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C# Generics Variables

A look at C# generics and variables

By , 23rd July 2008 in C#

C# Generics are a new feature in the .Net Framework 2.0+ which makes it possible to design classes and methods that do not specify data types until the class or method is declared and instantiated by client code.
 

By using a generic type parameter you can write a single class that other client code can use without incurring the cost or risk of casts or boxing operations.

In this first example, we can see how a method can accept an array of various types and output the values. Without generics you would need to override the method for each data type, causing problems for scalability and custom types.

  1. using System;
  2. using System.Collections.Generic;
  3.  
  4. class Generics
  5. {
  6. static void Main(string[] args)
  7. {
  8. // create arrays of various types
  9. int[] intArray = { 1, 2, 3, 4, 5, 6 };
  10. double[] doubleArray = { 1.0, 2.0, 3.0, 4.0, 5.0 };
  11. char[] charArray = { 'A', 'B', 'C', 'D', 'E' };
  12.  
  13. DisplayArray(intArray);
  14. DisplayArray(doubleArray);
  15. DisplayArray(charArray);
  16.  
  17. Console.ReadLine();
  18. }
  19.  
  20. // generic method displays array of any type
  21. static void DisplayArray<E>(E[] array)
  22. {
  23. Console.WriteLine("Display array of type " + array.GetType() + ":");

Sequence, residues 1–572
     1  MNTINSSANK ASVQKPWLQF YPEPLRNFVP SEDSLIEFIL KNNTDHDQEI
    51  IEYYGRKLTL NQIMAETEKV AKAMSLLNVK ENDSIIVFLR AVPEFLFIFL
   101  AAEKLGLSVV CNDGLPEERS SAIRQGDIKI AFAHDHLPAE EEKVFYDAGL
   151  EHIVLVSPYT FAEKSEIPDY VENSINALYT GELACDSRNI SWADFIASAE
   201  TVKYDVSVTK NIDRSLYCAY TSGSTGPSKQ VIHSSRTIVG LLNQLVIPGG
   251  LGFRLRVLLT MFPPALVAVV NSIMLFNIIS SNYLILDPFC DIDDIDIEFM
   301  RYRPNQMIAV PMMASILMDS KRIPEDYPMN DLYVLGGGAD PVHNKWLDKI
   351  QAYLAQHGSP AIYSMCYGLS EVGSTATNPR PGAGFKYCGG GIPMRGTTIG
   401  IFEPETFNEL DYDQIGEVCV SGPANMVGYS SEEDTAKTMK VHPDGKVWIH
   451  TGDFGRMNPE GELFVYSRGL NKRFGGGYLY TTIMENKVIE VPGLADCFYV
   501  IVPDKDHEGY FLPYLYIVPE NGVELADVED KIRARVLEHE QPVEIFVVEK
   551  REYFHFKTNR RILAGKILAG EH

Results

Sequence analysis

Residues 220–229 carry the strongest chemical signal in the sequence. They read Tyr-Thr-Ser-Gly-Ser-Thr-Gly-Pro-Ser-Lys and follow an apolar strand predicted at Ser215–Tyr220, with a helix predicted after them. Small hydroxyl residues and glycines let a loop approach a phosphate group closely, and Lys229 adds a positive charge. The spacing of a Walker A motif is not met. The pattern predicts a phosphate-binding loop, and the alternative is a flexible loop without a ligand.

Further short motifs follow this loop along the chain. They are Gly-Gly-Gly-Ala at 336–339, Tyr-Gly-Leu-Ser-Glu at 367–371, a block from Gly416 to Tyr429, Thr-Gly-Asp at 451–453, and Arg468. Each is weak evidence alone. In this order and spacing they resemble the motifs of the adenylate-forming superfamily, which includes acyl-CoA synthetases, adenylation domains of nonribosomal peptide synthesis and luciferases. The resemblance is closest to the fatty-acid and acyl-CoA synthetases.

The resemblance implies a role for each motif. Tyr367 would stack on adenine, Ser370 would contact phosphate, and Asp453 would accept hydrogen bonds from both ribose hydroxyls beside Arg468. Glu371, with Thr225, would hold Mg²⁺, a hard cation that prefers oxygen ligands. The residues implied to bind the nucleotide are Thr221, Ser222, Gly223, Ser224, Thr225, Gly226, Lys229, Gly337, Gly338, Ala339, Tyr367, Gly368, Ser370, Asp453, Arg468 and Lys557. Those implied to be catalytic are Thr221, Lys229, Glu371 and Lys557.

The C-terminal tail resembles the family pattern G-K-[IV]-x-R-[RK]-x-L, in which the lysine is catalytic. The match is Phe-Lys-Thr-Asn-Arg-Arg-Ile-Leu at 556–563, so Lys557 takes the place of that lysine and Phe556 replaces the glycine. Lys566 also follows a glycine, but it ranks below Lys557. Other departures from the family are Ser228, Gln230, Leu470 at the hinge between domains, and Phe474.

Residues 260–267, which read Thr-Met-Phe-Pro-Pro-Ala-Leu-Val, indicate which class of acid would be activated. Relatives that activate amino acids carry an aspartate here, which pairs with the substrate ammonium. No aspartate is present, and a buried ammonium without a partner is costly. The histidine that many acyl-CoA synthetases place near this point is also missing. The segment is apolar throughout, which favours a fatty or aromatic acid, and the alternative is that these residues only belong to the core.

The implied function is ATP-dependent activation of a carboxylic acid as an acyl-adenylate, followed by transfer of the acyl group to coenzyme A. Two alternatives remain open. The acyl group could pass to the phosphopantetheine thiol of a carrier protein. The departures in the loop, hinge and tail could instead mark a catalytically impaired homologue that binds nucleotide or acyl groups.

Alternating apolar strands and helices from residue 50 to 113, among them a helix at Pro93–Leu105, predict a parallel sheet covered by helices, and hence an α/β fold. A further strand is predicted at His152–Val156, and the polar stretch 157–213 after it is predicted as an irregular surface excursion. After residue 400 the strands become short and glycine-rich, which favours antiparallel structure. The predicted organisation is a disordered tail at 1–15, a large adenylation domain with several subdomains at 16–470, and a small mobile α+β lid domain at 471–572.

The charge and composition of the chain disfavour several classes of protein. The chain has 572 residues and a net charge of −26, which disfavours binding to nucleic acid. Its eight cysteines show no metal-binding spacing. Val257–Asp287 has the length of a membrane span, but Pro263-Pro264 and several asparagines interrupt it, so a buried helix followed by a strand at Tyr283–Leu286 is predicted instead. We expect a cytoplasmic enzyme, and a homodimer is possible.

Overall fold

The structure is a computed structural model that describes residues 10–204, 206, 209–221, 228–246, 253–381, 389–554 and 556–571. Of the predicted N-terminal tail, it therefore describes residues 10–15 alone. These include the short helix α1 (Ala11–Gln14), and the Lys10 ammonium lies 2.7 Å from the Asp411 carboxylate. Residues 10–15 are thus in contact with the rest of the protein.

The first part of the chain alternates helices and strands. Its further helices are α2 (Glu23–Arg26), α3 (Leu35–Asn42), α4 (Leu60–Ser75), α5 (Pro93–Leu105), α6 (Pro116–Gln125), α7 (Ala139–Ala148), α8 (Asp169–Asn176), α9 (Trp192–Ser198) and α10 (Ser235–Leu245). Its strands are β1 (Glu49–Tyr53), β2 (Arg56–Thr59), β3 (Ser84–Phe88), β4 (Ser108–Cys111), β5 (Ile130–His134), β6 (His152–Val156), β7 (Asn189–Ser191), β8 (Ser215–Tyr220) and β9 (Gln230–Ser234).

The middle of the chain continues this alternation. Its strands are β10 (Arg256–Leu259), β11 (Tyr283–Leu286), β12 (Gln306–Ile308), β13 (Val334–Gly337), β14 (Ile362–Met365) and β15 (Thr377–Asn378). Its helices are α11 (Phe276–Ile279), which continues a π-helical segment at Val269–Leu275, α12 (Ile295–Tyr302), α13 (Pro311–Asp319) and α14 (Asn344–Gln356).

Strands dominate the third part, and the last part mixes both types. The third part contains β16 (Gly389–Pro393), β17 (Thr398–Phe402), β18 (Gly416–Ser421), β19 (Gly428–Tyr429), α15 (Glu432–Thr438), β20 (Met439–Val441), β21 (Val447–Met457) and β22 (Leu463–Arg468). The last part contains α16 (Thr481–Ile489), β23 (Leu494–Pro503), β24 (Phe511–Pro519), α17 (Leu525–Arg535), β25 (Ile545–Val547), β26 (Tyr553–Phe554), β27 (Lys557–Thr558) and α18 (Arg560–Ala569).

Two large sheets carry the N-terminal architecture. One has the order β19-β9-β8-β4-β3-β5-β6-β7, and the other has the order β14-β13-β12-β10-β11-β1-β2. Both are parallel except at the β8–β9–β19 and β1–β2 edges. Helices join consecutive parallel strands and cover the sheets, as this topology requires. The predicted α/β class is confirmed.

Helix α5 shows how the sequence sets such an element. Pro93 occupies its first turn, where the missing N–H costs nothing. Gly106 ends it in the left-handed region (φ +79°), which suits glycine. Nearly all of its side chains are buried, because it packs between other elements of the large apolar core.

24. foreach (E element in array)
  25. Console.Write(element + " ");
  26. }
  27. }

You can see how the one method will handle requests for an array of ints, doubles and chars. We can also use reflection and the GetType method to determine the type of array passed as the generic parameter.

In the next example, we can see a generic class with a generic method and a generic field. We can create an instance of the class as an int or a string and populate the field and call the method with parameters of the same type as the generic class, but if you create an instance of type int, you cannot assign strings to it.

  1. using System;
  2. using System.Collections.Generic;
  3.  
  4. class Generics
  5. {
  6. static void Main(string[] args)
  7. {
  8. MyGeneric<int> mygenericint = new MyGeneric<int>();
  9. mygenericint.GenericField = 13;
  10. mygenericint.GenericMethod(42);
  11.  
  12. MyGeneric<string> mygenericstring = new MyGeneric<string>();
  13. mygenericstring.GenericField = "xxx";
  14. mygenericstring.GenericMethod("xxx");
  15.  
  16. // These lines will cause a compile error
  17. MyGeneric<int> mygenericint2 = new MyGeneric<int>();
  18. mygenericint2.GenericField = "xxx";
  19. mygenericint2.GenericMethod("xxx");
  20. }
  21. }
  22.  
  23. public class MyGeneric<T>
  24. {
  25. public T GenericField;
  26. public void GenericMethod(T t)
  27. {
  28. Console.WriteLine("GenericMethod parameter type: " + t.GetType());
  29. }
  30. }
Comments
  1. P.Rajesh Kumar
    P.Rajesh Kumar

    These are nice series which makes a beginner feel like a mid level developer

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